“My brethren, the reason why you have not got contentment in the things of the world is not because you have not got enough of them. That is not the reason. But the reason is because they are not things proportionable to that immortal soul of yours that is capable of God himself. Many men think that when they are troubled and have not got contentment, it is because they have but a little in the world, and if they had more then they would be content. That is just as if a man were hungry, and to satisfy his craving stomach he should gape and hold open his mouth to take in the wind, and then should think that the reason why he is not satisfied is because he has not got enough of the wind. No, the reason is because the thing is not suitable to a craving stomach.”
Jeremiah Burroughs, The Rare Jewel of Christian Contentment (Edinburgh, 1964), page 91.
“Open your mouth wide, and I will fill it” (Psalm 81:10).
(HT: Ray Ortlund)
One thought on “True Contentment”
I find writing verse forms an effective discipline and structured meditation (mentioned by puritans).
Writing the Sunday sermons in verse certainly makes one listen and chew-over the content.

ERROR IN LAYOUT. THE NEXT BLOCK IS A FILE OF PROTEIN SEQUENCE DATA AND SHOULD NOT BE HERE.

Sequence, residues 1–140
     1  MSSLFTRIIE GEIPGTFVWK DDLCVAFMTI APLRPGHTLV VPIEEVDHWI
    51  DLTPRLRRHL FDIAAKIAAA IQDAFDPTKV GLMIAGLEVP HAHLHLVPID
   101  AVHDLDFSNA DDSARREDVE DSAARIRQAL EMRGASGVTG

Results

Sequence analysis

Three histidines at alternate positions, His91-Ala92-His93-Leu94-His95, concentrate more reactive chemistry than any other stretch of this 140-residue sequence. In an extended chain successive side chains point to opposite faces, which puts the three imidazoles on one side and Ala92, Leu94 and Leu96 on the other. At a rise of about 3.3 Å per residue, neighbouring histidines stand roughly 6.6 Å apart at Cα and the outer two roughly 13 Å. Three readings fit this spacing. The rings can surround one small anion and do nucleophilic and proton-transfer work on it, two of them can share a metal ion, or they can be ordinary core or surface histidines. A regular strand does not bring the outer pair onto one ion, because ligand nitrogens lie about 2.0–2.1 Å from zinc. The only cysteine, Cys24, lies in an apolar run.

My collection of verse includes James, and 1 John as poetry, and currently I’m working on 1 Peter.
Here is a meditation on Contentment in preparation for a chuirch house group discussion:
CONTENTMENT in our generation?
‘Peaceful happiness’ or ‘satisfaction’
With just food and clothes?
What, no self-improving action?
What of a home, (never mind investment)?
Children need toys as everyone knows.
So what is ‘contentment’?
With the TV ads, we are pressed to buy
The latest iPod, or flat super screen
Without pausing to question, ‘Just why?’.
‘Because you’re worth it’, we’re told
‘She must have it’, is to be seen.
The ‘Market’ demands that it’s sold.
But what did the writer actually mean
When he talks about ‘Contentment’?
In the Original ‘autarkia’ is to be seen:
Independent of circumstance, ‘Self-sufficient’
Helps us avoid guilt and resentment
‘Basic needs’ is the coefficient.
The writer warns against covetousness,
And false teachers who want ‘gain’.
Our gain is for ‘godliness’.
God gives good ‘gifts’ and provision,
Not demanding asceticism’s pain.
This ‘contentment’ should be our vision